Trident | April 6, 2018

April 13, 2014, is a day that changed Mindy Corporon’s, Oklahoma, life.

Mindy’s son, Reat, was set to audition for a talent show at the local Jewish Community Center. Her other son had a lacrosse game at the same time, so Mindy’s father offered to take Reat to the audition.

It was the same day, a man — whom Mindy describes as someone who was “raised with ignorance and who found hate” — decided to target and kill Jewish people.

The lacrosse game was cancelled so Mindy drove over to the Jewish Community Center, expecting to arrive in time to watch Reat’s audition. What she found when she pulled into the parking lot was the scene of a horrific tragedy.

The gunman had arrived in the parking lot at the same time as Mindy’s father and son and had ambushed them. As Mindy explains, although the gunman had been specifically targeting Jewish people, in his ignorance it never occurred to him that non-Jewish people — like Mindy’s family — would be attending events at the community center.

“I found my dad already shot to death, lying in the parking lot,” Mindy remembers, and she recalls hearing a voice that told her, “Your father’s in heaven, go find Reat.” She took one last look at her dad and left to find her son injured nearby, in the arms of two strangers.

It was later at the hospital that Mindy and her family received the news that Reat too had passed away. But in her moment of loss, Mindy found comfort in her faith and knew immediately that something good had to come from this.

In the coming days, Mindy felt called to take action and create positive change. “I knew two of the three people who were killed, and they were amazing people. There was no way someone was going to take them away without a fight for their remembrance.”

In the coming weeks and months, Mindy and her family established a foundation, Faith Always Wins Foundation.

As the one-year anniversary of the shooting approached, Mindy’s mother came up with the idea for a seven-day kindness initiative that would take place each year in April. The initiative was named SevenDays® Make a Ripple, Change the World.

“It’s about helping people understand that one person can make a ripple,” Mindy explains. “One person can do one action and touch someone else, and it’s a chain reaction of good. What society sees feels like chain reactions of bad. Hate and evil are loud, so we try to make our activities just as loud and exciting.”

The week features a series of events that are designed to promote interfaith understanding and kindness. Each day has its own individual theme: Love, Discover, Others, Connect, You, Go, Onward. The mission is to promote interfaith dialogue by engaging all people to discover commonalities and to overcome evil with acts of kindness. It’s a way to remember the three lives lost on April 13, 2014 and, in their memory, create a wave of positive change for the future.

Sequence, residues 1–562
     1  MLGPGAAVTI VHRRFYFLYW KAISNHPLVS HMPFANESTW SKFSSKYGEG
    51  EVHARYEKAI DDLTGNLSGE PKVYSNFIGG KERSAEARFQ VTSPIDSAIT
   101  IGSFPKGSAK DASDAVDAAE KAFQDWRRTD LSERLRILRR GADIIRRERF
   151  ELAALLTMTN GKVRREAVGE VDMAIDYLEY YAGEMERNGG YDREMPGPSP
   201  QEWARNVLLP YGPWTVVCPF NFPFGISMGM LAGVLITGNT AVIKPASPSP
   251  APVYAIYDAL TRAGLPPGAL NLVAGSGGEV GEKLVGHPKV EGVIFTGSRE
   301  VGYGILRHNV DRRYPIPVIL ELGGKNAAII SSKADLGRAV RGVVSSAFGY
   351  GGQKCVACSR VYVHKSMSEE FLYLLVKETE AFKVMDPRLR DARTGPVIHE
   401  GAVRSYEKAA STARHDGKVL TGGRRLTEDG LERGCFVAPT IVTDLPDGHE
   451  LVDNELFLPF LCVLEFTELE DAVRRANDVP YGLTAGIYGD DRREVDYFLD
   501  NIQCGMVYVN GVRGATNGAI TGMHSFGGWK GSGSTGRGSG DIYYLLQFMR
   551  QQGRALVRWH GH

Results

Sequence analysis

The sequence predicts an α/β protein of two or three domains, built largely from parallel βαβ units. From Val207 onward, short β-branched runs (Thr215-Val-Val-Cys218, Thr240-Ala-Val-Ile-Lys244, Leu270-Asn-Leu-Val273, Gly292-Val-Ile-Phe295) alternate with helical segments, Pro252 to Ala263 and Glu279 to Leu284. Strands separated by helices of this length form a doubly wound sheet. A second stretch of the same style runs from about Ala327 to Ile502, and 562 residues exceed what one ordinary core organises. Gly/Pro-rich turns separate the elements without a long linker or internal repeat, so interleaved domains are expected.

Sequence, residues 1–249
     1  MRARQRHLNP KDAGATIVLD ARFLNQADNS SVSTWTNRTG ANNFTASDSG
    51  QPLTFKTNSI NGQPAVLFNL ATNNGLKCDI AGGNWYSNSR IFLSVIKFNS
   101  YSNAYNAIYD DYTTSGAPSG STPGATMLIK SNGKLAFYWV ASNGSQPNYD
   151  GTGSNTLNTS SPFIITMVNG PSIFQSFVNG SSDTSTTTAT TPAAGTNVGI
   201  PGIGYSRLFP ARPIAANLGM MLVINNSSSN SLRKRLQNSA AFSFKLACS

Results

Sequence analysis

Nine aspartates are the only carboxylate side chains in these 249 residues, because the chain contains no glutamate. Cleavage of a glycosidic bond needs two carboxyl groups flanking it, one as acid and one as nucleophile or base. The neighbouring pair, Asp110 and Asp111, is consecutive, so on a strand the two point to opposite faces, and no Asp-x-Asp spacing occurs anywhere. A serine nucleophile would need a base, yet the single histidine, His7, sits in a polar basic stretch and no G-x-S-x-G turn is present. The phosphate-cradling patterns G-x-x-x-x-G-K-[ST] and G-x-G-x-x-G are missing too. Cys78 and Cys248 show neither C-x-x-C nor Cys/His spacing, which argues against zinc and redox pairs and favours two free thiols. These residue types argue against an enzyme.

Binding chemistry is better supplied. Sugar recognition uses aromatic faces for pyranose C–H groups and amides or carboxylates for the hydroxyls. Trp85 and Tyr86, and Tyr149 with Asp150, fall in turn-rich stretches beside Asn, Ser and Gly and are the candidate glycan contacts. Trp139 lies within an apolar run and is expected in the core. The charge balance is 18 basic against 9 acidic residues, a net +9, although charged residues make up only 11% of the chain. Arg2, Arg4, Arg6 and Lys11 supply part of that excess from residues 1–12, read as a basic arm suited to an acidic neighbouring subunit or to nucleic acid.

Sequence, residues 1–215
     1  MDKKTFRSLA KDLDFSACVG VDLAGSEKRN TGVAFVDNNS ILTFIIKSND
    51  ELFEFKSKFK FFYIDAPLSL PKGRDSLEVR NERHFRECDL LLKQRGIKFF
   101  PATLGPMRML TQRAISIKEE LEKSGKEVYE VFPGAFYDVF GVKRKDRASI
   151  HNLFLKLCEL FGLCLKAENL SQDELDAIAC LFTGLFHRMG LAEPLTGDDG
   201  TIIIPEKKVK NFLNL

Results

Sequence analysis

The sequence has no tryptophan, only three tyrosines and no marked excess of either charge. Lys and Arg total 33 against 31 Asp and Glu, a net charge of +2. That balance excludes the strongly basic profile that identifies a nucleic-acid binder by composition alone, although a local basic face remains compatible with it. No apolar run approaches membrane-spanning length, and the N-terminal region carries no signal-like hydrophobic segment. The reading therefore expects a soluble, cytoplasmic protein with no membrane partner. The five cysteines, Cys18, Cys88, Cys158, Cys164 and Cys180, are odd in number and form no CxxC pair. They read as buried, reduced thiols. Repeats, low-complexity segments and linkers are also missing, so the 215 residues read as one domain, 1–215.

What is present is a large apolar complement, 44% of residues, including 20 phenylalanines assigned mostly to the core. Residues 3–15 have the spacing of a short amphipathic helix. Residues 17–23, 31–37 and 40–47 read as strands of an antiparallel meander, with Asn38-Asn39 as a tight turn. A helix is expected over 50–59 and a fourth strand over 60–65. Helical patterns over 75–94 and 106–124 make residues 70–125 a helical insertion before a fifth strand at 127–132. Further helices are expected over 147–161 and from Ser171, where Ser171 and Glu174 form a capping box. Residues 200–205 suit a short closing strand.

THE EVENT

In 2018, SevenDays® will take place April 10-16. It will also mark the second year in a row that SevenDays® has hosted a special interfaith event at the largest synagogue in the Overland Park area. The event will include speakers from the Jewish, Christian and Islamic faiths who will engage in dialogues about love and faith.

The event has previously drawn close to 300 people. “People crave knowledge about other faiths,” Mindy explains. “And what we find is that we’re all so similar.”

Other events include: mind, body and soul workshops; song, essay and art competitions; inter-faith activist, speaker and author, Valarie Kaur; and blood drives. In addition to the week of activities, SevenDays® also incorporates year-round programming for youth on the topic of interfaith understanding.

The final event of the week, the Faith, Love & Walk, takes place on Monday, April 16 and is an annual walk designed to show solidarity in the community. The event features 14 different charities that people can choose to support. The purpose of the walk is to give these organizations a platform to tell their stories.

Specifically, Mindy says they look for smaller organizations that don’t get a lot of publicity. The theme of the walk, which draws an average of 2,200 participants each year, is “onward.” As Mindy explains, “Bad things happen to all of us. We all have worries and concerns; it’s all about finding your purpose in life to move onward.”

Mindy found her purpose by being brave and bold in the face of tragedy and creating an initiative that would spread kindness. The concept of kindness and helping others was instilled in Mindy when she was young and was solidified with her Tri Delta experience.

“I learned from my parents and grandparents about giving,” she says. “In college the giving kept happening through Tri Delta as we participated in community service events and learned the importance of helping others.”

Mindy adds, “We are all human. We are all created by a creator, and we are made in our DNA to love and to be loved.”

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